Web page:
Origins and evolution of the New Zealand forest flora : a molecular phylogenetic approach : a thesis presented in partial fulfilment of the requirements for the degree of Doctor of Philosophy in Plant Biology at Massey University, Palmerston North, New Zealand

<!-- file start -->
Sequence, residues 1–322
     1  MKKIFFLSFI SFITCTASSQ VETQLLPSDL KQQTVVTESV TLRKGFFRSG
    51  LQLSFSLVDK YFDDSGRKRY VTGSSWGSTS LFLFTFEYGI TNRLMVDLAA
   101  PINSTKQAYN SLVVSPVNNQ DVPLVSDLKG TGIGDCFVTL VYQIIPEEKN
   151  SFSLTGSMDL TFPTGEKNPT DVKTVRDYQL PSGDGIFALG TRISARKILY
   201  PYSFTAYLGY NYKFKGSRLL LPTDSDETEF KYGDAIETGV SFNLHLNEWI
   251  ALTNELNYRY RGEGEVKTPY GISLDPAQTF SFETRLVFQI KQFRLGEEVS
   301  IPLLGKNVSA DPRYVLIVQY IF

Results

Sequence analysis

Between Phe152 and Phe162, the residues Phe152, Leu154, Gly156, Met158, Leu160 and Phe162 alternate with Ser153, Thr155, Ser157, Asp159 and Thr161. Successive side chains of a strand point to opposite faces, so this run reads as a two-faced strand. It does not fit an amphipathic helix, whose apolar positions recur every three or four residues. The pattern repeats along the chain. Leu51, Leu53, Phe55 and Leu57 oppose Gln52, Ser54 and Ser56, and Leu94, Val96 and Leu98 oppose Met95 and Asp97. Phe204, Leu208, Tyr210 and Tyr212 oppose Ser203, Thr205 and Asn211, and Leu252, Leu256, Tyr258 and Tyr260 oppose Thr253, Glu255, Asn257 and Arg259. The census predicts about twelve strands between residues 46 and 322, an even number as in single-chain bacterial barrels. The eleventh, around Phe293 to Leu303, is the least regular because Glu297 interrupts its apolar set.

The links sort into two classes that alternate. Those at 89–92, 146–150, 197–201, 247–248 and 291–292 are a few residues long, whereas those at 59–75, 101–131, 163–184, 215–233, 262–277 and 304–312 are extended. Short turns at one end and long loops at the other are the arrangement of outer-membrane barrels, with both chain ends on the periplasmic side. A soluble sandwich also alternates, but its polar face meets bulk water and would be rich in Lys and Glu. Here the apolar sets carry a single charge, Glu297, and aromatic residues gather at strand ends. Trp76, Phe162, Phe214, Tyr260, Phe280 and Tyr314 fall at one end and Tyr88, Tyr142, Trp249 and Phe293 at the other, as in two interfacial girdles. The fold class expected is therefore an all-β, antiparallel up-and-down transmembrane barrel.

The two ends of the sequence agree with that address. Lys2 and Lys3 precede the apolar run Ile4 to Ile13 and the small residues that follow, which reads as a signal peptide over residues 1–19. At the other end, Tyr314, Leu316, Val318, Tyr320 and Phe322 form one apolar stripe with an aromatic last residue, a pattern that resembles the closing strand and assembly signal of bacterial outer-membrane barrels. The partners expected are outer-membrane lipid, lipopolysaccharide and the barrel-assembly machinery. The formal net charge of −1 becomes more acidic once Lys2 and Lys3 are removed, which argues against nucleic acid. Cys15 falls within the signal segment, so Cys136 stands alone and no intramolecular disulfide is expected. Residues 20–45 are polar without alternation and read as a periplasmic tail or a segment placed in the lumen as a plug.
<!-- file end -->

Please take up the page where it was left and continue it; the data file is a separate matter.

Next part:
The origins and evolution of the New Zealand flora have puzzled the imagination of botanists world-wide. Competing hypotheses have sought to explain the floristic relationships between New Zealand and other Southern Hemisphere landmasses. Scientific approaches have involved geology, plant morphology, palynology and palaeobotany in investigations of the distribution patterns of these floras. Analyses presented in the current thesis use molecular data to investigate phylogenetic relationships of plant lineages native to the New Zealand forest flora. In the present thesis, molecular work included amplification and sequencing of standard DNA markers such as nuclear ribosomal DNA, ndhF and rbcL gene sequence. These data were obtained for New Zealand and overseas species of Myrsinaceae, Nothofagaceae and genus Agathis (Araucariaceae). Analyses of these data have been presented alongside results and re-analyses of genetic data for Podocarpaceae, Proteaceae, Winteraceae and genus Metrosideros (Myrtaceae). These analyses aimed to synthesise recent work and provide a framework for further molecular investigations into the origins of the New Zealand woody forest flora. Amplified fragment length polymorphism (AFLP) was used to locate polymorphic genome regions that were converted into sequence specific DNA markers. Information from AFLP and AFLP derived markers was used to elucidate evolutionary processes as well as interspecific and intraspecific relationships between closely related taxa of Myrsine and Nothofagus. DNA analyses showed that the New Zealand forest hosts plants with very different origins and evolutionary histories. Results presented in the current thesis support hypotheses of vicariance and long-distance dispersal across Southern Hemisphere lands. Molecular data are consistent with a continuous presence of Agathis (Araucariaceae), Dacrydium (Podocarpaceae) and Pseudowintera (Winteraceae) on the New Zealand archipelago since the break-up of the Gondwanan supercontinent. It is proposed that extant species of these lineages have evolved from ancestors that arrived on the New Zealand landmass during the Cretaceous. In contrast, divergence time estimates on Nothofagus suggest that relationships between extant Fuscaspora and Lophozonia beeches date back to the Mid Tertiary and are not explained by vicariance and continental drift. Phylogenetic analyses substantiate fossil evidence of a Tertiary arrival of Metrosideros (Myrtaceae), Myrsine (Myrsinaceae). Knightia and Toronia (both Proteaceae). Similarly, dispersal from New Zealand to other southern lands has been inferred for Metrosideros and Myrsine. These findings and those reported earlier for alpine plant groups suggest that trans-oceanic dispersal is likely to be an important explanation of floristic relationships between New Zealand and other distant landmasses. Molecular studies on New Zealand Myrsine suggest recent speciation events, geographic differentiation and ongoing hybridisation between some morphologically and ecologically distinct species Intraspecific analyses on Myrsine divaricata and Nothofagus menziesii show that extant distribution patterns within New Zealand are relatively recent and may have developed during the Quaternary. Although both lineages have an ancient history on the New Zealand archipelago, it is concluded that species and their distributions - including that of the monotypic genera Elingamita - are of recent origin.